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November 25, 2016

In store analytics – Key to Black Friday success?

Customers will become accustomed to helpful mobile in-store technology experiences and will come to expect them wherever they go.

By James Nunns

Christmas is getting earlier and earlier every year and nothing symbolises the start of the Christmas shopping season better that Black Friday.

While most of us are not that diligent, according to a survey by the National Retail

Jon Moger, Senior Director, Aruba.

Jon Moger, Senior Director, Aruba, a Hewlett Packard Enterprise company.

Federation (NRF), a growing number of consumers are beginning to start holiday shopping earlier every year – so how can we utilise consumer behaviour to be best prepped for Black Friday and beyond?

Even though online shopping has become a staple for most of us, Black Friday puts the rules to one side as racing for those tangible Christmas presents is top of mind for most consumers, who spent £3.3bn over the Black Friday weekend last year overall.

If you are in retail business anywhere in the world, you are certainly paying close attention to these trends and forecasts. And if your job is to make the in-store experience the best ever for the Christmas shopping season, every piece of customer intelligence is critical for claiming your share of the billions being spent this year.

 

Taking the guesswork out of tracking customer traffic

To help customers better understand traffic patterns, it is important to understand retail analytics through real time cloud services. These capabilities are designed to give you real-time and historical insight into customers by looking at Wi-Fi statistics gathered from the smartphones that everyone carries today. Whether this be tracking the time spent in a certain areas of the store, or even determining the best layout of the store, allowing more potential consumers to pass through.

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Since every person that walks by is a prospective customer, this is important information. You now have the ability to see how many actually entered the store, when during the day, and stayed for how long. And also share data with marketing and upper management ahead of and during Black Friday weekend. Capturing this valuable data doesn’t require you to install and manage additional hardware, and the shopper doesn’t even need to be connected to the network. You leverage the same Wi-Fi and management tools that you run your business on. It’s an excellent way to put your Wi-Fi to work for boosting business.

 

Make smarter business decisions to attract more shoppers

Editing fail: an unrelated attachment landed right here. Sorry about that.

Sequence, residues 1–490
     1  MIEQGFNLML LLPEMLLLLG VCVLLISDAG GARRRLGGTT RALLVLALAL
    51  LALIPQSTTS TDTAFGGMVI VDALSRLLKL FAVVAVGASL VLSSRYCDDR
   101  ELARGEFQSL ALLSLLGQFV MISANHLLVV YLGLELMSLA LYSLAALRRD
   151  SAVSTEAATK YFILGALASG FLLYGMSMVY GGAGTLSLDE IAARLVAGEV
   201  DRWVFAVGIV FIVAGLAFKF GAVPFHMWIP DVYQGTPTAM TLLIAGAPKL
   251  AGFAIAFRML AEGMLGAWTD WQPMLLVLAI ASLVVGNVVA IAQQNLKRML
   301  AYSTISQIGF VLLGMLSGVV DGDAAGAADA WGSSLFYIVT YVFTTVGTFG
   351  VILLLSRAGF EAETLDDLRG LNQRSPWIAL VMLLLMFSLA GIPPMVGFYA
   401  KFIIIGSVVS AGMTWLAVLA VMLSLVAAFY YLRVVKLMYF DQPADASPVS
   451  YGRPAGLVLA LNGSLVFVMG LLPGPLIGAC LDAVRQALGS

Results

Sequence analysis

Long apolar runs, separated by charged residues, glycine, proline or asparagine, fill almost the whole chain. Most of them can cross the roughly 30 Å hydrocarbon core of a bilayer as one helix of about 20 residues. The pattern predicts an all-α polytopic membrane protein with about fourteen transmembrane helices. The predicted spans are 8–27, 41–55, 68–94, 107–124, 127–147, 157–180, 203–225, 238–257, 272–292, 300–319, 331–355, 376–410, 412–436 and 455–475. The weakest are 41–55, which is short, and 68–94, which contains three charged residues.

Once you have the essential customer traffic data, you can recognise patterns and find opportunities to prep your store. By tracking passer-by traffic you can easily increase in-store traffic on the day by testing different storefront displays, signage, and campaign offers beforehand, so marketing and sales have a better way to judge what provides the highest conversion from a passer-by to an in-store visitor.

You can also track how long shoppers stay in the store. This can be used to improve shopper engagement by testing different store layouts and merchandising. Floor staffing can also be adjusted to ensure that shoppers are receiving the best in-store experience possible.

 

Not all stores are equal

By using WiFi products capable in real time analytics of consumer activity, you can customise how you measure and calculate conversions based on what works best for you, whether you have 10 stores or 2000. This could be the data that allows shop floor managers to make sure they have ordered stock most likely to achieved the greatest sales over the Black Friday weekend.

More importantly, you not only get great insight into how each individual store is performing but also how multiple stores compare against each other, which allows you to determine where and how to make your investments to capitalise on the pinnacle of the Christmas Shopping period.

 

What technology is needed?

What does all of this look like in action? For a lot of retailers, it’s about creating an app that enables a shopper to pinpoint any item in the store and follow turn-by-turn directions to find it. Stores can make this more precise, for example, by linking electronic price tags of every item in the store together to create an internal map. The tags contain information about the location of every product, guiding the customer to the product.

Developing a mobile environment such as this strategy obviously requires the right set of networking tools. If your store is relatively large, you’ll want to consider deploying beacon technology. You’ll also need a management application that is easy to use and can quickly show you data from different parts of the store. Your store layout will change from time to time, so the maps you’ve developed will have to change also. Fortunately, these kinds of changes can be made instantly with one click. To get an idea how it works, check out this video clip.

We are still in the early stages of in-store analytics. Sensor technology and its close relative, Big Data, will open up new horizons in generating, analysing and understanding information about customer behaviour. But perhaps most importantly, customers will become accustomed to helpful mobile in-store technology experiences and will come to expect them wherever they go.

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